Doynit: You have a well informed readership. I don’t know if I can describe anything that some, if not all, don’t already know. Without giving details, maybe these ideas will address your question.

Teachers and university people are working on how to implement these ideas, for example.

Our attorneys tell us that our student learning database provides a way to defend teachers accused of instructional malpractice, legal challenges we expect non-Tablet using teachers to encounter increasingly.

School boards will increase funding for mobile computers and hold steady funding of personnel lines, including for instructional staff.

Teacher roles will continue to shift from primary learning gatekeepers to learning analysts, learning software developers, and learning coaches across many venues.

(ED: End of Interview Part 3; see Part 4 for the conclusion of this interview.)

Sources:

Accelerated K12 Mobile Learning: Press Release http://www.robertheiny.com/2009/02/accelerated-k12-mobile-learning-press.html

Accelerated Learning Interview http://www.robertheiny.com/2009/02/accelerated-learning-interview.html

Accelerated Learning Interview Part 2 http://www.robertheiny.com/2009/02/accelerated-learning-interview-part-2.html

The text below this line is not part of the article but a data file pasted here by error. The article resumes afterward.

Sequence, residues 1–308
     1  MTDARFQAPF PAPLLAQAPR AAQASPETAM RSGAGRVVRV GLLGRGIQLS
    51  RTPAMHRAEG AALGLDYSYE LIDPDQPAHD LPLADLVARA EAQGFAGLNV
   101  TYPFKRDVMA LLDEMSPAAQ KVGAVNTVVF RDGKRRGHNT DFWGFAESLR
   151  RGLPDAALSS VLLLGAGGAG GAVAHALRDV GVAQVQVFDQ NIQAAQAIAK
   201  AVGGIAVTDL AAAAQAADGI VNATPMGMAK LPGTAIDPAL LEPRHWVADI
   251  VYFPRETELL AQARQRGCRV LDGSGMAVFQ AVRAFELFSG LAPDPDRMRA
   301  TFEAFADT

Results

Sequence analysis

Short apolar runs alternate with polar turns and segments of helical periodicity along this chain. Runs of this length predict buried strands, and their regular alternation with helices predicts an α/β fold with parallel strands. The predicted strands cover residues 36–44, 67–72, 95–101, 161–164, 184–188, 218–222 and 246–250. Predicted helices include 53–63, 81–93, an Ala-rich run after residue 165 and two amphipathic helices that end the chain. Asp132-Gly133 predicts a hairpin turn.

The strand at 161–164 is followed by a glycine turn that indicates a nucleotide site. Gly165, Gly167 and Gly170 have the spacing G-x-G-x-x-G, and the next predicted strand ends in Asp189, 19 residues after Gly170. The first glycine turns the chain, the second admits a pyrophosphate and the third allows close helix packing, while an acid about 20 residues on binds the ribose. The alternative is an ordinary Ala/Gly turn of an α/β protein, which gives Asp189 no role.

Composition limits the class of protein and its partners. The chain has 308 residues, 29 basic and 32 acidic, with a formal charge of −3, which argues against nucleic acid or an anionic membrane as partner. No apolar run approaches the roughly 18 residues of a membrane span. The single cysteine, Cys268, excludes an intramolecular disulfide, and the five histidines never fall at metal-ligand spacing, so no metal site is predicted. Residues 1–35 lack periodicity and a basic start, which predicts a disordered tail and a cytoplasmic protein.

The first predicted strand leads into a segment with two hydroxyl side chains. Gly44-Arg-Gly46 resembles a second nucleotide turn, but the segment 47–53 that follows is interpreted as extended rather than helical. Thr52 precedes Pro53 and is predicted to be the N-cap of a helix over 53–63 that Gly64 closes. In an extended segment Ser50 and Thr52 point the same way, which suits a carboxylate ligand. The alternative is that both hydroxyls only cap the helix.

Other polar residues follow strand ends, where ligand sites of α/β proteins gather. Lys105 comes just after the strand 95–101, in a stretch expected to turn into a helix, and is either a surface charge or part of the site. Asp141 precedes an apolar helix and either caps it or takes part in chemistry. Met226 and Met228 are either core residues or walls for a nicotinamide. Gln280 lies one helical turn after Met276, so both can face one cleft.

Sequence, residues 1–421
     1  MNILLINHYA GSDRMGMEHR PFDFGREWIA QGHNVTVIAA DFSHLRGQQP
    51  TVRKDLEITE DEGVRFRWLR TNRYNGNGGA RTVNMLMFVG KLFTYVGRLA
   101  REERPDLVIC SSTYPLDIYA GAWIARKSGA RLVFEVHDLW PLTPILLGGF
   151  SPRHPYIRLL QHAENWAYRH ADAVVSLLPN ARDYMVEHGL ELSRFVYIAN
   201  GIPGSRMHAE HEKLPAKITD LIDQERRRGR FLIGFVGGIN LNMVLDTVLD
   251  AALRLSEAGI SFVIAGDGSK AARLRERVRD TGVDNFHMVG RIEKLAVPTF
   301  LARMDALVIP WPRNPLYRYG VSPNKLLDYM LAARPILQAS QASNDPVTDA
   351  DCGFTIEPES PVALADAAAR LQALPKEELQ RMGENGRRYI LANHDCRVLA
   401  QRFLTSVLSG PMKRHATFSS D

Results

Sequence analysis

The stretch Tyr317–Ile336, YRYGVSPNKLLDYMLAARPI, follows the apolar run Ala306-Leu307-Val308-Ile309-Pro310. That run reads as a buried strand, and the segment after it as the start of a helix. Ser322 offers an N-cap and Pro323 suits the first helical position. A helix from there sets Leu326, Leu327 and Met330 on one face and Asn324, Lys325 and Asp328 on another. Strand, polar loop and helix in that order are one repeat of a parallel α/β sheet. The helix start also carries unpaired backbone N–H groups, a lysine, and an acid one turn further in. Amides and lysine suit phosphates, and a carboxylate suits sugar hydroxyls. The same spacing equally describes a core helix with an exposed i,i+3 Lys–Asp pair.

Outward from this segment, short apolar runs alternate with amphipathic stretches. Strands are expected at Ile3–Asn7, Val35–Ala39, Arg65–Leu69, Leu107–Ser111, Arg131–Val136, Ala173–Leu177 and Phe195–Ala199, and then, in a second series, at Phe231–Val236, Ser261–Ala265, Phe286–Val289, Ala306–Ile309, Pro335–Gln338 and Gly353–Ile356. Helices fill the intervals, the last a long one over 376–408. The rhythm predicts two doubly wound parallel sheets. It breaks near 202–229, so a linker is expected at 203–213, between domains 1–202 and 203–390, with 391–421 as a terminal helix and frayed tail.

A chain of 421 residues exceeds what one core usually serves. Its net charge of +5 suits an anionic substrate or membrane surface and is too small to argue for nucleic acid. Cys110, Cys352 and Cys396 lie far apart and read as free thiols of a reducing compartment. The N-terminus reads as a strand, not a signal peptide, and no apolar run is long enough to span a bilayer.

Posted by The Tablet PC In Education Blog March 7, 2009, at 9:11 AM. (Retrieved April 11, 2010 at 3:05PM.) http://www.robertheiny.com/2009/03/accelerated-learning-interview-part-3.html

Robert Heiny
Robert Heinyhttp://www.robertheiny.com
Robert W. Heiny, Ph.D. is a retired professor, social scientist, and business partner with previous academic appointments as a public school classroom teacher, senior faculty, or senior research member, and administrator. Appointments included at University of North Carolina at Chapel Hill, Peabody College and the Kennedy Center now of Vanderbilt University; and Brandeis University. Dr. Heiny also served as Director of the Montana Center on Disabilities. His peer reviewed contributions to education include publication in The Encyclopedia of Education (1971), and in professional journals and conferences. He served s an expert reviewer of proposals to USOE, and on a team that wrote plans for 12 state-wide and multistate special education and preschools programs. He currently writes user guides for educators and learners as well as columns for TuxReports.com.